Britannia was a thriving mining community on Howe Sound in Southwestern British Columbia for 70 years. It was exclusively a mining company town with company housing only. Today it is a mining museum. Mill #3, built into the cliff is the main structure remaining; the other buildings are an assortment of sheds and a couple of old restored camp homes.
Operating between the years 1904 and 1974, the town was for a time the largest producer of copper ore in the British Empire. The town was accessible only by water for much of its operational days. The railway and road were not built until the 1950s.
A 45 min. tour into the old mine is offered at the museum. The tour takes people into some of the safer tunnels of the old #3 mine. 210 kilometres of tunnels exist in the nearby mountains, but most are unsafe and remain blocked off. The tour is informative with a demonstration of one ore drill that still works and a couple of older ones on display. The electric lights are turned off briefly to show how difficult it was for the miners to work by candle-light in the early days. This is followed by a demo of a carbide lamp that produced much better light.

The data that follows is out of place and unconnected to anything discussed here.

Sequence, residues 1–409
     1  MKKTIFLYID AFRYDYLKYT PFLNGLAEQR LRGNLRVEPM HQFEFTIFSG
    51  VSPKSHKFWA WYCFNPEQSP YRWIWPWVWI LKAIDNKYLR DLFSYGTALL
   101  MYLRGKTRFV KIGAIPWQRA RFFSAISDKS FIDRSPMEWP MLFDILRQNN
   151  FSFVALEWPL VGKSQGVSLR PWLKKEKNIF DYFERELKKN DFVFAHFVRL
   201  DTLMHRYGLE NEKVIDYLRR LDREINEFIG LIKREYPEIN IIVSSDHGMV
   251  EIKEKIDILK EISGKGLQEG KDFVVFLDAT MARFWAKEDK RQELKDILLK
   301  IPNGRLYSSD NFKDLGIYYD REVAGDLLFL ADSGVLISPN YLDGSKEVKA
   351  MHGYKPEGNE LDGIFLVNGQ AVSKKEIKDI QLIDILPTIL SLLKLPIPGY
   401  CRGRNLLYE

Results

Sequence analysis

When you step out of the exit tunnel, the guide blows the old whistle that indicated the end of one shift and the start of the next.
From here, the tour moves into the old mill to explain the process the ore went through to be prepared for market.
When your tour ends, there is still plenty to do around the museum. You can try some gold panning (actually chalcopyrite, but still pretty) and wander through the collection of buildings that make up the museum. I have passed by Britannia dozens of times over the years, often planning to stop yet continually putting it off. I’m glad I finally stopped by as it is well worth a visit.